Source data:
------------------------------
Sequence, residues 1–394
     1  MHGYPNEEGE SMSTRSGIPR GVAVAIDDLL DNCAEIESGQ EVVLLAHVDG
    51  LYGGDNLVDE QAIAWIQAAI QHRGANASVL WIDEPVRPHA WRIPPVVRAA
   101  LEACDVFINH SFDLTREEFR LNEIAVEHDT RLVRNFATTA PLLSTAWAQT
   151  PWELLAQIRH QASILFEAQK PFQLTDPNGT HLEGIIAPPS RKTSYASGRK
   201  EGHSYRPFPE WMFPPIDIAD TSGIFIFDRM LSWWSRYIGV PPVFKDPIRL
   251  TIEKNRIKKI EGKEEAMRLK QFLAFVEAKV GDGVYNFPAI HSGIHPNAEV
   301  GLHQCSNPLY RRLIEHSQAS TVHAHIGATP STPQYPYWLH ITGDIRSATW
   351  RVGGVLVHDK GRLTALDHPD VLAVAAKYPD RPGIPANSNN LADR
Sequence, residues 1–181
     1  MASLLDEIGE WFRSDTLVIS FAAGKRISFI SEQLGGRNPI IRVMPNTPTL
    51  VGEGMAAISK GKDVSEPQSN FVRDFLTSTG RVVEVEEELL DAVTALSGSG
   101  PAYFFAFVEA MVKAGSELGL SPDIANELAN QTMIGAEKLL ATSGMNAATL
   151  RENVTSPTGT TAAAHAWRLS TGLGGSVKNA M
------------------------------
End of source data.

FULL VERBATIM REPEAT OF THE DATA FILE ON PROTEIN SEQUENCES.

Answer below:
Sequence, residues 1–394
     1  MHGYPNEEGE SMSTRSGIPR GVAVAIDDLL DNCAEIESGQ EVVLLAHVDG
    51  LYGGDNLVDE QAIAWIQAAI QHRGANASVL WIDEPVRPHA WRIPPVVRAA
   101  LEACDVFINH SFDLTREEFR LNEIAVEHDT RLVRNFATTA PLLSTAWAQT
   151  PWELLAQIRH QASILFEAQK PFQLTDPNGT HLEGIIAPPS RKTSYASGRK
   201  EGHSYRPFPE WMFPPIDIAD TSGIFIFDRM LSWWSRYIGV PPVFKDPIRL
   251  TIEKNRIKKI EGKEEAMRLK QFLAFVEAKV GDGVYNFPAI HSGIHPNAEV
   301  GLHQCSNPLY RRLIEHSQAS TVHAHIGATP STPQYPYWLH ITGDIRSATW
   351  RVGGVLVHDK GRLTALDHPD VLAVAAKYPD RPGIPANSNN LADR
Sequence, residues 1–181
     1  MASLLDEIGE WFRSDTLVIS FAAGKRISFI SEQLGGRNPI IRVMPNTPTL
    51  VGEGMAAISK GKDVSEPQSN FVRDFLTSTG RVVEVEEELL DAVTALSGSG
   101  PAYFFAFVEA MVKAGSELGL SPDIANELAN QTMIGAEKLL ATSGMNAATL
   151  RENVTSPTGT TAAAHAWRLS TGLGGSVKNA M